Thursday, June 14, 2012

Mole House on Quemada Records

Quemada Records has been keeping me in the loop with their entire catalog and I'm just getting to the first one on the stack now. Looks like they distro a lot of hard to find import stuff, including that Lust for Youth / War split on Avant! Records. This single from Mole House is a three piece from Melbourne, Australia putting that intimate, home recorded sound to use on these two sides. The kind of raw recordings that aren't often attempted as much anymore, the immediacy of the technology has worn off, anything is better quality than the 4-track, and instead you get people like Ariel, This Heart Electric or Honeydrum using it atmospherically in a new way. But ultimately it's for the best, because it was so easy to replicate that hissy boombox mic style, anyone could do it... except for the good writing. Mole house sound like this isn't so much of an aesthetic choice as it is just capturing one of those moments that just wouldn't happen when the engineer is behind the glass pushing buttons.

A-Sides "Hey Come My Way" even has that lonesome cassette sound, vocals from Carla have a sad strain that just sounds more and more heartbreaking the thinner it's captured. Here it's hitting the peaks of the limitations of the equipment and in imagining the rest of that waveform you know it was pushing the limits of the room and hitting the mic, well you end up with an approximation of the emotion, and by not spelling it out or getting every tortured breath, it's that much more mysterious. By not including everything in perfect focus, the parts you fill in are of course better than the real thing because their personal to you. That's where lo-fi or even shoegaze can shine. By being this kind of expressionism in sound form, it requires more participation from the listener to actively decode the layers. Drone jangle-steady beat guitar and drums that just provide this ledge for her to jump straight off.

"Taylor's Mistake" takes the distant sound of a rolling snare, mic'd from above, all in the same room.... why does this kind of thing just kill me when done right like this? Is it because I can just too easily imagine being in that room and realizing the magic that's happening? We're making music with friends who have no concept of pressing a record, touring, mic placement, purely for themselves. That hint of an accent is making this that much more endearing. They find a repetition, a completelty spontaneous repetition with mistakes and missed changes, capturing this lonely night. This section of the record shelves can get bigger and bigger, you can't ever bear to part with this kind of naked sincerity, it can't be covered by another band, it won't be the same when these guys get big and rerecord it...or play it live. This is it's only version now and forever.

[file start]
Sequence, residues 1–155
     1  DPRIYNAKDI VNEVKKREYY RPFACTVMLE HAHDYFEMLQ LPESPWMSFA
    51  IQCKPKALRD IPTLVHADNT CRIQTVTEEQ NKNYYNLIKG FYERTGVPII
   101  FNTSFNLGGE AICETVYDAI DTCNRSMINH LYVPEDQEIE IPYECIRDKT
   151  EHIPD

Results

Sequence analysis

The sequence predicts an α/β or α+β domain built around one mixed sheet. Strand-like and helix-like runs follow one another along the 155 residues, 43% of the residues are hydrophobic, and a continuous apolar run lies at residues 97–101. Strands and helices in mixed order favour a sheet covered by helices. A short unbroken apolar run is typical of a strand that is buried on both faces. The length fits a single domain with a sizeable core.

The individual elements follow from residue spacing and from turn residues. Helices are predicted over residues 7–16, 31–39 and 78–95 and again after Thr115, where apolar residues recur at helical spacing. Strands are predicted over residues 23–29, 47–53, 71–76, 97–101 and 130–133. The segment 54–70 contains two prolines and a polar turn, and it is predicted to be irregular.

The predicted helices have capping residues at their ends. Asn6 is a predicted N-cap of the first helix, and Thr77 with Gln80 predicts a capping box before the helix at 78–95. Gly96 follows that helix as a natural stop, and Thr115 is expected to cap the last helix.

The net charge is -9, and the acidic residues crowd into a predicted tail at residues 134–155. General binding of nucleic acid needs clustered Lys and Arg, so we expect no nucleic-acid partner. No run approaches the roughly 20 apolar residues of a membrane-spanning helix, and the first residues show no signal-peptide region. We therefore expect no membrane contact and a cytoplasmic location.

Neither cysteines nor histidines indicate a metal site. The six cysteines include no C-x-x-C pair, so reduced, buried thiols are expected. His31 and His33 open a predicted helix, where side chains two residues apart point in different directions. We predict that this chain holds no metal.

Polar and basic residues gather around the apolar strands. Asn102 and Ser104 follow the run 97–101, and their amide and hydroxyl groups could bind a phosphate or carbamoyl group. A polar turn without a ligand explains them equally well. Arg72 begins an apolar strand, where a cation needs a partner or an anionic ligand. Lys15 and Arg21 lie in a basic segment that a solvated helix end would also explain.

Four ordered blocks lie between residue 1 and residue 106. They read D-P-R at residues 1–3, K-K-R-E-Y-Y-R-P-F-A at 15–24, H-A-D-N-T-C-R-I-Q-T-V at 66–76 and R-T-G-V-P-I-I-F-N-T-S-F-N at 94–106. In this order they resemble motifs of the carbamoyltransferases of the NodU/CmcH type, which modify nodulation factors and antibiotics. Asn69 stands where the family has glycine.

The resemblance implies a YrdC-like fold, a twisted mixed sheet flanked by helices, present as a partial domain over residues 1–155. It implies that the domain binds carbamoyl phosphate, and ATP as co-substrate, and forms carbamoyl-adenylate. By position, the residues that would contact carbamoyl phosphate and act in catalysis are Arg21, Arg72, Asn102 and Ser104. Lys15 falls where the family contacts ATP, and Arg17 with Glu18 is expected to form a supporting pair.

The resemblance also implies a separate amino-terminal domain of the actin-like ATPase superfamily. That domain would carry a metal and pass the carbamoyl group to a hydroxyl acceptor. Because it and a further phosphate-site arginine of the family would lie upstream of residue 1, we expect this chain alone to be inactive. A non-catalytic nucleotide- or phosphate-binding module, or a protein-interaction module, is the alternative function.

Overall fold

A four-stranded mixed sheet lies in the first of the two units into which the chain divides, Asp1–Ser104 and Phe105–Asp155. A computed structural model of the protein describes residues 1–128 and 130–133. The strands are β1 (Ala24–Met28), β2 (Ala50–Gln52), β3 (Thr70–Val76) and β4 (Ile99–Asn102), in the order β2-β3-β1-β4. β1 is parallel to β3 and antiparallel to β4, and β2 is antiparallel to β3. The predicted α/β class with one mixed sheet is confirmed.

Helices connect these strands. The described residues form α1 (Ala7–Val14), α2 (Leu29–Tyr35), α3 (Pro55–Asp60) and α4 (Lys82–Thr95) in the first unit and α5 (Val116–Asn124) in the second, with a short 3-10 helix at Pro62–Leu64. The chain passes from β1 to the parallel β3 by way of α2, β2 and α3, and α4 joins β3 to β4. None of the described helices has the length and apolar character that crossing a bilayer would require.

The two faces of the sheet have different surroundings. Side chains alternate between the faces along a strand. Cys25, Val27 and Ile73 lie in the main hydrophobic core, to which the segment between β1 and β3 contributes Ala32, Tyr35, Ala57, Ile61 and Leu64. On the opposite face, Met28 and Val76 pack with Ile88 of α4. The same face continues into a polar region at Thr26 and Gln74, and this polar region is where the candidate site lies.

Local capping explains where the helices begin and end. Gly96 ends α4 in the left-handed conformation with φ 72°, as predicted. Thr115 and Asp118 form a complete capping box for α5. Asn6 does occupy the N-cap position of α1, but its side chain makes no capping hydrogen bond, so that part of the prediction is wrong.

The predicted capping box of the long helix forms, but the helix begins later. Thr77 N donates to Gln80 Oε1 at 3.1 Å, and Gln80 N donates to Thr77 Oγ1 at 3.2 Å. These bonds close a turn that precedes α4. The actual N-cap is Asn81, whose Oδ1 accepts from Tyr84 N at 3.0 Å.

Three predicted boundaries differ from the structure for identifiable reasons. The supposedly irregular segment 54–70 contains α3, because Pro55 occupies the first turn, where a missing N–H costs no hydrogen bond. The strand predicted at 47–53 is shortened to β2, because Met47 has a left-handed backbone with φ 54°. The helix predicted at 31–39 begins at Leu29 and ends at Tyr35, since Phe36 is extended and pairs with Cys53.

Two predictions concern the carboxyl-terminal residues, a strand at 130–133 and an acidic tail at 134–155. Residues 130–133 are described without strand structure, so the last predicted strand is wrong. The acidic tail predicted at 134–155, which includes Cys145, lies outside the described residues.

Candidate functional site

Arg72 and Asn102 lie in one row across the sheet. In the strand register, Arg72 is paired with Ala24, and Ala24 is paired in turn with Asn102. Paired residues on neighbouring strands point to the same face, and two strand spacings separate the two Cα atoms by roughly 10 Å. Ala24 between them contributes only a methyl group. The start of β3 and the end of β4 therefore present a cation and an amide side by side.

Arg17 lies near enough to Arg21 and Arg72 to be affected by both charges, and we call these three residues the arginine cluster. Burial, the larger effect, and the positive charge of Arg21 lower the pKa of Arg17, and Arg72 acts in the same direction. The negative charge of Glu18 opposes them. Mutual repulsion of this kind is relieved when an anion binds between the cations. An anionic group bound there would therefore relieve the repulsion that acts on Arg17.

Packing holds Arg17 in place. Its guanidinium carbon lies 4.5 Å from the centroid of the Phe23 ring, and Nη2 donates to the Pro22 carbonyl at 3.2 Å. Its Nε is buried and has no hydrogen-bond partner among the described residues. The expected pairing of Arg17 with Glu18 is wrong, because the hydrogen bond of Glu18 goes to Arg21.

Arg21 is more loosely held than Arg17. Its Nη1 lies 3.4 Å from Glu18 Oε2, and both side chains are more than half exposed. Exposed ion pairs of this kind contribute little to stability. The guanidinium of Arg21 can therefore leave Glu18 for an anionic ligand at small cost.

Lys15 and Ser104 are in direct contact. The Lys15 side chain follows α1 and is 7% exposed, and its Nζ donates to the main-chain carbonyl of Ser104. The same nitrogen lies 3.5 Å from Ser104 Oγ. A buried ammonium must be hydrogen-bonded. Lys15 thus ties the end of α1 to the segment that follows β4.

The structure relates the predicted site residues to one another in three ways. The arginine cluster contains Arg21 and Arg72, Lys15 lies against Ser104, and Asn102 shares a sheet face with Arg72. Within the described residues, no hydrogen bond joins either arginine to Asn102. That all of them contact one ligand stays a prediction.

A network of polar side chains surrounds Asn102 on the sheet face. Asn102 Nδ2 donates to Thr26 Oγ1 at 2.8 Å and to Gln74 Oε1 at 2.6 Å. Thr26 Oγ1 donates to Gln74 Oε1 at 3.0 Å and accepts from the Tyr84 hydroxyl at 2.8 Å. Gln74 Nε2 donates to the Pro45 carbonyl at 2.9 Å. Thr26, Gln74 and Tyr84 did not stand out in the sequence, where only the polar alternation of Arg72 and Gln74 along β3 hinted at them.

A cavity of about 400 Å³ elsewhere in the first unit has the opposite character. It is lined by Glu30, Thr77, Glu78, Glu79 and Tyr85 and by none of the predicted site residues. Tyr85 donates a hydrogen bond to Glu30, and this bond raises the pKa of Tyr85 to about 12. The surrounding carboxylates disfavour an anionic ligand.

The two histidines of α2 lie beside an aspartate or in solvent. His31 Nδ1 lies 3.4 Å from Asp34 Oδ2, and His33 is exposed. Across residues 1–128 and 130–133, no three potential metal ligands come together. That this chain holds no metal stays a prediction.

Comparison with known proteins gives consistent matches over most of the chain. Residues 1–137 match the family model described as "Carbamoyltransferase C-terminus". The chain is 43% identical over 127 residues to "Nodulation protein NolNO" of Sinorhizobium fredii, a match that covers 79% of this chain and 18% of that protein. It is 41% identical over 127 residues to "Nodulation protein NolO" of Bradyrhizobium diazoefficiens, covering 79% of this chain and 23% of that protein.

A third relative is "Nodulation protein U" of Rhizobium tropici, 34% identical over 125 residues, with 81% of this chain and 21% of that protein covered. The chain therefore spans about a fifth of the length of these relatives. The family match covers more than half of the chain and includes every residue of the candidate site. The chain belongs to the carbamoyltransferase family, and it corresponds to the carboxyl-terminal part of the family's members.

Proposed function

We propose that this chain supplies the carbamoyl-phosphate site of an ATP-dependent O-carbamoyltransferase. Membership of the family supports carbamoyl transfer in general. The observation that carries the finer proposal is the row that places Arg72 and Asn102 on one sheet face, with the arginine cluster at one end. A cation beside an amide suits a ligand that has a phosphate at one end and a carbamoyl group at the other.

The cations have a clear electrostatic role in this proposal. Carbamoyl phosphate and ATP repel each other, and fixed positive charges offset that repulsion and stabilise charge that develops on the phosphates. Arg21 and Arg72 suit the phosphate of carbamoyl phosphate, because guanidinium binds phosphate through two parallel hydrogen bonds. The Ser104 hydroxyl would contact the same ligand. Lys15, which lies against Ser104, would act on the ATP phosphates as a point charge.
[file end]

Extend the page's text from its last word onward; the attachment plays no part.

Completely plain inner sleeve, like any artwork would just ruin it somehow.

"Coming back and coming over" is a single slight effect electric. Sounds to be mic'd in that backcountry way, Carla comes in again in her own bizarre melodic scales, exactly like Gilmore Tamny from the Yips, almost out of tune, but the sheer willpower and jamming a lyric like 'television' in by saying it as fast as possible...that's true Yips style that was so inpsiring to depressed indie rockers who felt like they never sounded good on guitar or singing. "It doesn't matter at all." (those are her lyrics) If I was going to Australia and wondering what it was actually like to live there, this exotic place as far away from home as possible, I would feel completely comfortable looking towards these guys to point me in the right direction. This 4-track VU, Mountain Goats band called Mole house. The cassette even drops out for a second...but this is the only existing copy of the maxell tape... there's no mastering this...that's it. Just appreciate this half sad half hopeful moment of imperfection.

QUE 003: Mole House-“Hey Come My Way” 7”
Can't be more excited to bring you debut from Mole House. Get to know em now. The band is made up of Carla dal Forno backed by a couple peeps from Mad Nanna and White Woods (Night People, Bellplay) and sounds like an even mixing of those two bands. A bit more jangle and hook than your typical date with Mad Nanna, but a bit sloppier than a make-out session with White Woods. Prime bummer pop through and through.

Check out the A-Side right here, and get it from Quemada Records:

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